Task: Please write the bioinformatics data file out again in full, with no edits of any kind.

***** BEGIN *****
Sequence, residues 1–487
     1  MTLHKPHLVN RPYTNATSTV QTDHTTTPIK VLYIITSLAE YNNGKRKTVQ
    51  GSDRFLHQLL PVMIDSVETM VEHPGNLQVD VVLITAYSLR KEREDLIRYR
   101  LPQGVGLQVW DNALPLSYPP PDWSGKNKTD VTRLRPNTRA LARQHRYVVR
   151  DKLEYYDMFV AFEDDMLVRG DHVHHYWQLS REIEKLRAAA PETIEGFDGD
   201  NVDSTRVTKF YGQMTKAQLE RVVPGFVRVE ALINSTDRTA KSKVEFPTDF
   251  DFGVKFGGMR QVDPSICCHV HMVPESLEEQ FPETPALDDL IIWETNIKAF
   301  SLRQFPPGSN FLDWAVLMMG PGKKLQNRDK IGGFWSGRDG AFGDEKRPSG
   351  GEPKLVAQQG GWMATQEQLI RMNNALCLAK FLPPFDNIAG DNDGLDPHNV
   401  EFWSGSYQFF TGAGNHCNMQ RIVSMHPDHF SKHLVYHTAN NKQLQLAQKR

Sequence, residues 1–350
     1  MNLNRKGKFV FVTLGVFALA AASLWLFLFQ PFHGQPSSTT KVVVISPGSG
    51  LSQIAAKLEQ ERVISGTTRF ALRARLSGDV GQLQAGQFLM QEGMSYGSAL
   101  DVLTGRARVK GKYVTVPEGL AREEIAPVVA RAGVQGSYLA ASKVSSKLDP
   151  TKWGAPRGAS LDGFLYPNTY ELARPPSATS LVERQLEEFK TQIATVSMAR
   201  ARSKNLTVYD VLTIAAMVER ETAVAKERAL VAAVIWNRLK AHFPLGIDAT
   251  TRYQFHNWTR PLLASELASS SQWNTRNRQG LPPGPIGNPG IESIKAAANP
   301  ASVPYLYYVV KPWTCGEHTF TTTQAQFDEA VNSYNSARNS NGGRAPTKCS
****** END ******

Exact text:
Sequence, residues 1–487
     1  MTLHKPHLVN RPYTNATSTV QTDHTTTPIK VLYIITSLAE YNNGKRKTVQ
    51  GSDRFLHQLL PVMIDSVETM VEHPGNLQVD VVLITAYSLR KEREDLIRYR
   101  LPQGVGLQVW DNALPLSYPP PDWSGKNKTD VTRLRPNTRA LARQHRYVVR
   151  DKLEYYDMFV AFEDDMLVRG DHVHHYWQLS REIEKLRAAA PETIEGFDGD
   201  NVDSTRVTKF YGQMTKAQLE RVVPGFVRVE ALINSTDRTA KSKVEFPTDF
   251  DFGVKFGGMR QVDPSICCHV HMVPESLEEQ FPETPALDDL IIWETNIKAF
   301  SLRQFPPGSN FLDWAVLMMG PGKKLQNRDK IGGFWSGRDG AFGDEKRPSG
   351  GEPKLVAQQG GWMATQEQLI RMNNALCLAK FLPPFDNIAG DNDGLDPHNV
   401  EFWSGSYQFF TGAGNHCNMQ RIVSMHPDHF SKHLVYHTAN NKQLQLAQKR

Sequence, residues 1–350
     1  MNLNRKGKFV FVTLGVFALA AASLWLFLFQ PFHGQPSSTT KVVVISPGSG
    51  LSQIAAKLEQ ERVISGTTRF ALRARLSGDV GQLQAGQFLM QEGMSYGSAL
   101  DVLTGRARVK GKYVTVPEGL AREEIAPVVA RAGVQGSYLA ASKVSSKLDP
   151  TKWGAPRGAS LDGFLYPNTY ELARPPSATS LVERQLEEFK TQIATVSMAR
   201  ARSKNLTVYD VLTIAAMVER ETAVAKERAL VAAVIWNRLK AHFPLGIDAT
   251  TRYQFHNWTR PLLASELASS SQWNTRNRQG LPPGPIGNPG IESIKAAANP
   301  ASVPYLYYVV KPWTCGEHTF TTTQAQFDEA VNSYNSARNS NGGRAPTKCS